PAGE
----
2003 Infiniti Q45 Review


Launched in 1989, Nissan’s luxury division, Infiniti, attempted to rival BMW, Mercedes-Benz, and Audi, as well as competing with other Japanese luxury manufacturers such as Lexus and Acura. As one of Infiniti’s first two models, the Q45, inspired by the term “Q-Car”, meant to be a high performance car without the high performance looks. As such, the Q45 focused heavily on power and handling. It met rave reviews relating to its superb handling and fast acceleration. However, sales did not really take off due to the unconventional looks and a poor advertising campaign. Redesigned in 1997, the second generation focused more on luxury and comfort this time with reduced acceleration and handling abilities. Despite the effort, the Q45 faltered in sales behind its main rival, the successful Lexus LS. The Q45 was again redesigned in 2002, this time, the Q45 combined sharp styling with the performance of the first generation with the luxury of the second generation.

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Compared to the previous awkwardly styled Q45s, this Q45’s design conveys sharpness and some essence of prestige. Up front, the tasteful grille and detailed headlights reveal an executive appearance. The headlights are the best part about the design as they resemble a Gatling gun. The side profile with its taut body and upright roofline give off a sporty feel. The spoiler nicely tops the chiseled rear although the banal taillights mar the appearance. To sum up, the Q45’s design is aggressive and purposeful. Although decidedly businesslike, the interior is well furnished by wood trim, and the analog clock is a classy touch.

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Infiniti touts the Q45 as a sports sedan, claiming that the Q45 drives like a car half its size. Sadly, that is not the case. You never really forget the bulk of this when you are turning. With moderate lean and numb steering, the Q45 fails to match a BMW 7 Series for engaging handling.What it does prevail in is its competence. Despite its average body control, it clings to corners well, and it feels remarkably balanced for such a large car with light and quick steering. The ride quality is a mixed bag. The soft set up means it floats over smooth roads well, but road imperfections permeate through the cabin on subpar roads. It is not as rigid as it should be, although I suspect this is due to the car’s age. Braking is excellent.

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However, when Infiniti claimed the Q45 to be a sports sedan in performance, the claim turned out to be true. The sole powertrain combination is a 4.5 liter V8 engine mated to a five speed automatic transmission. Supplying 340 horsepower, the V8 provides effortless acceleration. The V8 feels strong at any revs, especially past 3,000 rpm.With 333 lbs of torque on tap, you are never left wanting for more power. However, the five speed automatic is poorly calibrated. Tap the gas pedal at a stop, and the car will literally grind for a second before moving. It hangs on to gears for too long, and gear changes are abrupt.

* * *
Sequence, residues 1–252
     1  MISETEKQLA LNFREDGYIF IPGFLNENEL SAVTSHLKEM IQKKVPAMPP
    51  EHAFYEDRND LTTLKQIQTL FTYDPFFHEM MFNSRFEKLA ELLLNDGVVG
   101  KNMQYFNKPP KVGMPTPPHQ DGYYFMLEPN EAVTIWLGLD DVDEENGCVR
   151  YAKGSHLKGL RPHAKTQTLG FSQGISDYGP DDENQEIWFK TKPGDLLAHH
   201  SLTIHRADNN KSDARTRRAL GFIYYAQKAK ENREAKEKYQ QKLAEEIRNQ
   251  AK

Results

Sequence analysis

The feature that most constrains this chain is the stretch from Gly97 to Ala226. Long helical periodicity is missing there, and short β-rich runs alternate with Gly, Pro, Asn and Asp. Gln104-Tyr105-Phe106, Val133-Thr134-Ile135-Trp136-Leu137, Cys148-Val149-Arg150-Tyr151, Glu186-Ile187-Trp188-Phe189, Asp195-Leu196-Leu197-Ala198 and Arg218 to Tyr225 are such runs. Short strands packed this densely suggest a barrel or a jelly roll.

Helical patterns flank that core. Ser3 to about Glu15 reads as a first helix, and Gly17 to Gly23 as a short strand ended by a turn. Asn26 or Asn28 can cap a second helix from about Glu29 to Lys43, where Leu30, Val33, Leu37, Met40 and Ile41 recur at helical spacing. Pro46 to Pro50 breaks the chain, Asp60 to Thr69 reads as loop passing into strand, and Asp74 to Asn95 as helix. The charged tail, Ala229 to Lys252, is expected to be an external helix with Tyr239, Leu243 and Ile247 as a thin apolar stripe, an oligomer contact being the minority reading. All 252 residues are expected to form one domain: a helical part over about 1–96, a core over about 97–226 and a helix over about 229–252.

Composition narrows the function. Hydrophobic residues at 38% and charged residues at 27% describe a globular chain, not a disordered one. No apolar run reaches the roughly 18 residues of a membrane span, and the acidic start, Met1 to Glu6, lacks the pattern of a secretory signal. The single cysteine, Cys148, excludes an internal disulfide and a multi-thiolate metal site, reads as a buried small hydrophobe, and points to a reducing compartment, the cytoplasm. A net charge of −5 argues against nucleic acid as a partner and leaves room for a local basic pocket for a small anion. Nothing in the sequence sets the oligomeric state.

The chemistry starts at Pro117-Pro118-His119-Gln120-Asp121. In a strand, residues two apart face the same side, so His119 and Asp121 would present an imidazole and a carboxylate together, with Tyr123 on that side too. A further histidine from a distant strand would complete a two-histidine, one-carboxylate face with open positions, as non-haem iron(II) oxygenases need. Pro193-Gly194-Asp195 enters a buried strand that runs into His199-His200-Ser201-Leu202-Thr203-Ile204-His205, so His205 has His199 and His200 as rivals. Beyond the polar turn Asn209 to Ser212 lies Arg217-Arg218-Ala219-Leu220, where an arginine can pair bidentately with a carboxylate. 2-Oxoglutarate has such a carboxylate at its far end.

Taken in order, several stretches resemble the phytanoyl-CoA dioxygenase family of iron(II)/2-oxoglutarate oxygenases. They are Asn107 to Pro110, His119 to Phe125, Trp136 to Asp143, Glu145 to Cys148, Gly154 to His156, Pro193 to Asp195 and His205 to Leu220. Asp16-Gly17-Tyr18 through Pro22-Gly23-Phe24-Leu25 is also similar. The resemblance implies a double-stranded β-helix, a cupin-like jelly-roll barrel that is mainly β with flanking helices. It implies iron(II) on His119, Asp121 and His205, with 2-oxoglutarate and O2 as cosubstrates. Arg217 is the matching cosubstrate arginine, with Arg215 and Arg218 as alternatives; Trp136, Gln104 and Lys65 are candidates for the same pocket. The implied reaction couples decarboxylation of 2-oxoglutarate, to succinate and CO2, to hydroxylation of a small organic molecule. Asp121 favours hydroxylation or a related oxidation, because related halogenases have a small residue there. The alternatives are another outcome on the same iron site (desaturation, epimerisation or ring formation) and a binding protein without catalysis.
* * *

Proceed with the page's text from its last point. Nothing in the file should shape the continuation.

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Refinement is befitting for a luxury sedan. It is hushed with no traces of wind or road noise present. The engine remains refined during normal driving. But punch it, and the engine note transcends into a sonorous growl.

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Aside from some cheap touches, the interior feels worthy of the Q45’s then $50,000 price tag. Plush leather and well assembled controls lend a feeling of opulence to the cabin. The front seats offer excellent support for the driver and passenger. Aside from the steering wheel that does not tilt far enough, finding a suitable driving position is easy. Thanks to the upright roofline, the cabin permits enough headroom to suit tall adults as well as enough legroom. The spacious rear can seat three adults in comfort. The roofline and wide opening doors aid access. Infiniti tried to pursue a “technologically innovative” theme with the controls and displays, but in reality it just made the controls complex. Take the AC for instance. You have to press AUTO just to change the fan speed, but it does not stop there. It gets even more confusing due to the lack of dedicated buttons for the AC system in which you use the number keys. Thankfully, the radio controls are intuitive although the radio buttons are a long reach from the driver. The gauges are logically laid out. Visibility is decent although the thick rear pillars can impede your over the shoulder vision.

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In Fast and Furious: Tokyo Drift, the Yakuza  (Japanese version of the Mafia) makes a prominent role in the film. The reason I bring this up is because the Infiniti Q45 is very Japanese in terms of styling and performance. Whereas at the time, its rivals, the Lexus LS430 and the Acura RL were very Americanized, this Q45 stood out with its unique personality. The whole time I was driving this car, I had a childish feeling. I felt like the Yakuza in this car (in a good way). Even though it may not seem like it, the Q45 exudes a certain cool factor unmatched by its rivals. Combine that with the sharp styling and sports car performance, and the feeling you get from this car cannot be measured. Just like infinity.

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